"All Our Names" is the story of two young men who come of age during an African revolution, drawn from the safe confines of the university campus into the intensifying clamor of the streets outside. But as the line between idealism and violence becomes increasingly blurred, the friends are driven apart one into the deepest peril, as the movement gathers inexorable force, and the other into the safety of exile in the American Midwest. There, pretending to be an exchange student, he falls in love with a social worker and settles into small-town life. Yet this idyll is inescapably darkened by the secrets of his past: the acts he committed and the work he left unfinished. Most of all, he is haunted by the beloved friend he left behind, the charismatic leader who first guided him to revolution and then sacrificed everything to ensure his freedom.
Elegiac, blazing with insights about the physical and emotional geographies that circumscribe our lives, "All Our Names" is a marvel of vision and tonal command. Writing within the grand tradition of Naipul, Greene, and Achebe, Mengestu gives us a political novel that is also a transfixing portrait of love and grace, of self-determination and the names we are given and the names we earn."
A love haunted by African revolution
Dinaw Mengestu’s third novel skillfully blends two disparate narratives—the account of an African revolution and the story of a survivor’s new life in America—to create a moving portrait of the dilemma of identity.
All Our Names is set in the 1970s, in the early days of Idi Amin’s repressive reign in Uganda. An unnamed narrator, a young man who dreams of becoming a writer, crosses the border from his native Ethiopia and meets Isaac, his contemporary from the slums of Kampala. The two “became friends the way two stray dogs find themselves linked by treading the same path every day in search of food and companionship.” They spend their days at the capital’s university campus and watch as what begin as almost playful protests, chief among them what the narrator calls their “paper revolution,” spark brutal retaliation from government thugs. Soon, the idealism of the uprising curdles into violence, with Isaac assuming a prominent role in the anti-government force.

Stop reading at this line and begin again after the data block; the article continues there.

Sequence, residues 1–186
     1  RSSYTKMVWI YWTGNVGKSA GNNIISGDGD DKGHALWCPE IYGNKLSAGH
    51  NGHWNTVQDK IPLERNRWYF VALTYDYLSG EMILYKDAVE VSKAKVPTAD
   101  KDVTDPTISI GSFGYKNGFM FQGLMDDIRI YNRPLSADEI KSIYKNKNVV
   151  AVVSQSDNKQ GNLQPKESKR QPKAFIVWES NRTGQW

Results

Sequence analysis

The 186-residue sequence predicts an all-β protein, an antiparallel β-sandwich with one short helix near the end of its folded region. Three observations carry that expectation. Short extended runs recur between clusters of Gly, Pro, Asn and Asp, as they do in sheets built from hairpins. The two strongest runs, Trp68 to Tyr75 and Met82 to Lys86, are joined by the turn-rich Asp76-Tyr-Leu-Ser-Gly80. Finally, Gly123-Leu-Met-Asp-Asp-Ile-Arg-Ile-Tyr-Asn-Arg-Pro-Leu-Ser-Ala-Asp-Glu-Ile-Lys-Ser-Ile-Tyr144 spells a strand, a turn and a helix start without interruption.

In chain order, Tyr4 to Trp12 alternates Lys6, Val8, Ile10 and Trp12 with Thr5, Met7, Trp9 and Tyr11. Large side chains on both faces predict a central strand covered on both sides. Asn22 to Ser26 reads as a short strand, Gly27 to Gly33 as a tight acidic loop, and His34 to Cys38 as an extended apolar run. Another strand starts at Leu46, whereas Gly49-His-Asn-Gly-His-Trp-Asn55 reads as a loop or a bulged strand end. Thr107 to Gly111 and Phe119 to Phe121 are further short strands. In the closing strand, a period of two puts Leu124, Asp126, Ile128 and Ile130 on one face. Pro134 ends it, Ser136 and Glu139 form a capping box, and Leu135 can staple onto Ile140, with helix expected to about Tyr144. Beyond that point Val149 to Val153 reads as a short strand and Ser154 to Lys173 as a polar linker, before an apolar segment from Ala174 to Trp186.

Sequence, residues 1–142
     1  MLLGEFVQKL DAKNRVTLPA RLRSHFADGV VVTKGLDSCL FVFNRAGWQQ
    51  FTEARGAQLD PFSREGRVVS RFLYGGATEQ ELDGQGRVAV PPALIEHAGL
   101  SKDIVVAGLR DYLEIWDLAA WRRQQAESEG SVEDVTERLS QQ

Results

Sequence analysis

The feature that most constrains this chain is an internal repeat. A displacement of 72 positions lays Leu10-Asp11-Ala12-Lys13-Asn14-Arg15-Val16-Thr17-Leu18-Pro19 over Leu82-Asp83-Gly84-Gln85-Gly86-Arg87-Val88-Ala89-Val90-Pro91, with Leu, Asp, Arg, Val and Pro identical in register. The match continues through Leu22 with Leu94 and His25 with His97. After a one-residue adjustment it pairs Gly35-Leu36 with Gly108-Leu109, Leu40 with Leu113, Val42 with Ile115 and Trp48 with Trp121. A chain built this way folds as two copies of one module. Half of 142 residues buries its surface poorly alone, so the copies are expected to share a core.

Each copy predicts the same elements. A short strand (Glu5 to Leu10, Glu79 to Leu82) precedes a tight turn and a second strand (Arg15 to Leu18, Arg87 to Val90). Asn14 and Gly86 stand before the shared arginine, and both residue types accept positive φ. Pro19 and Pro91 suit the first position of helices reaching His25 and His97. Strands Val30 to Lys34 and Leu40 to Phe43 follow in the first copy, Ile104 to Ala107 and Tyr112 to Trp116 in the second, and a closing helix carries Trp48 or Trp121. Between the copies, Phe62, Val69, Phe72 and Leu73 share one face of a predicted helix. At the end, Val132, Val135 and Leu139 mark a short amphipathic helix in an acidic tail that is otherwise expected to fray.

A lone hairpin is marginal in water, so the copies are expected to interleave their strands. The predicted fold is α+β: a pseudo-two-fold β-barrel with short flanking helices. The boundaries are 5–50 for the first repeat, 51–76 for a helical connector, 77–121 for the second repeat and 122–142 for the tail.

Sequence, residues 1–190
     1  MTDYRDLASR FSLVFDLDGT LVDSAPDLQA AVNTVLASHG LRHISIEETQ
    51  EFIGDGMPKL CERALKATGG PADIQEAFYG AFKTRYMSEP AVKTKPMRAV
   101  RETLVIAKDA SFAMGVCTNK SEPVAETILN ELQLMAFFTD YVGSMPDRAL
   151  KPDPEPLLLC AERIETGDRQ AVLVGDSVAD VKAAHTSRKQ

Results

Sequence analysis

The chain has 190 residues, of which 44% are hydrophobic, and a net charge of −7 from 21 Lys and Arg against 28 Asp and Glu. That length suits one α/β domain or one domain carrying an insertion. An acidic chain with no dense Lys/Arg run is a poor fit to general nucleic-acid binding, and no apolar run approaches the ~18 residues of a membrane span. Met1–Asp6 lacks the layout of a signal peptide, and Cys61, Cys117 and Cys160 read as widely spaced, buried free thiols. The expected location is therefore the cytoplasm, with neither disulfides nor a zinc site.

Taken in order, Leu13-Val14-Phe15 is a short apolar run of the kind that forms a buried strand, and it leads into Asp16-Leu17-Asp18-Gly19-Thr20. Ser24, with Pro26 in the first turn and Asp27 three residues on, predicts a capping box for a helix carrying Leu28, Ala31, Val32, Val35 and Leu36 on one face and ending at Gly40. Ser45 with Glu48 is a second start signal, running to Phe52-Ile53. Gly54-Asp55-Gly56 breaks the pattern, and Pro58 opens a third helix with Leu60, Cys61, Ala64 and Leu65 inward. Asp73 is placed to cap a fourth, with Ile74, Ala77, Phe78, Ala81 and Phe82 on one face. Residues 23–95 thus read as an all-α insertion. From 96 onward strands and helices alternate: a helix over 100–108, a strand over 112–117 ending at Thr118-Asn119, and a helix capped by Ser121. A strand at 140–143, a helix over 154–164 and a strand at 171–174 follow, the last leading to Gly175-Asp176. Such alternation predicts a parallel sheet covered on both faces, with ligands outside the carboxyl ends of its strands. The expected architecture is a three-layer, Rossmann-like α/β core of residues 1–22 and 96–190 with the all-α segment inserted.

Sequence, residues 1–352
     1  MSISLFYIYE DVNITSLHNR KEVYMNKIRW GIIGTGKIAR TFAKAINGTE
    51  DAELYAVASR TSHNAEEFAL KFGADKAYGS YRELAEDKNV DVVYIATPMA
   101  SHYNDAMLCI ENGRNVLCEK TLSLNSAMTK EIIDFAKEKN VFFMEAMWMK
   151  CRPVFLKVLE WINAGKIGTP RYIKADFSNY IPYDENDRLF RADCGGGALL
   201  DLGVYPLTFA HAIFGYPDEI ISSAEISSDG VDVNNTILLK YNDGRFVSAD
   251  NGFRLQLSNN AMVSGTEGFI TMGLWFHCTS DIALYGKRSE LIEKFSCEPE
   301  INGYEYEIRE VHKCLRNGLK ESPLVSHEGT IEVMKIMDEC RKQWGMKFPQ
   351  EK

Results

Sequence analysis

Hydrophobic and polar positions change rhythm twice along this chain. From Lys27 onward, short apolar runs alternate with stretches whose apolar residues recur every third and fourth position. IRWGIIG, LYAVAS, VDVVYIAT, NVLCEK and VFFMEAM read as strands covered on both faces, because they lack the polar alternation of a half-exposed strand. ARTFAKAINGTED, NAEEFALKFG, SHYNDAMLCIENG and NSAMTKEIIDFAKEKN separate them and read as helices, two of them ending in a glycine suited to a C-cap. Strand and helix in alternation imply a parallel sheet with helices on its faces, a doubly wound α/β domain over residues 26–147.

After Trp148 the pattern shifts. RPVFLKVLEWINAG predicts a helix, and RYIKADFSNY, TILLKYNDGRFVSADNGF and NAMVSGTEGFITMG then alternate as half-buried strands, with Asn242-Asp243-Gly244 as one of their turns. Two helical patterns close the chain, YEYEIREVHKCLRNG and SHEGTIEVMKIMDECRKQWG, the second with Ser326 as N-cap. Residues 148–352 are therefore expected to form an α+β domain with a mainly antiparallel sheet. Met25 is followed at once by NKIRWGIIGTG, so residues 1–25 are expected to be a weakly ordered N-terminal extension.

Mengestu exposes our very human inability to truly know even those closest to us.
In chapters that alternate with that account, Helen, a social worker in a small Midwestern college town, provides the novel’s other narrative voice. The man she knows as Isaac has escaped from the African turmoil, bearing scars both physical and psychic. Helen quickly is transformed from his “chaperone into Middle America” into his lover, but the bigotry of the times compels them to conceal their interracial relationship. Despite their intimacy, Helen is haunted by her inability to penetrate to the core of Isaac’s being.
That unease is only one manifestation of the conflicting impulses that seem to define these characters. How is Isaac transformed from prankster to hardened revolutionary, someone “trying to end the nightmare this nation has become”? The narrator, who “came for the writers and stayed for the war” finds “the difference wasn’t as great as I would have thought,” and yet he vacillates between detachment and active, if reluctant, participation in the revolt. Helen, who still lives with her mother at age 30, struggles to resolve the tension between her small-town roots and the exoticism of her affair with a man from an alien culture whose past is veiled from her. In each instance, Mengestu’s unadorned prose hints at, rather than discloses, the secrets each of his characters harbors. But it’s in their mystery that he exposes a persistent fact of our existence—our inability to truly know even those closest to us.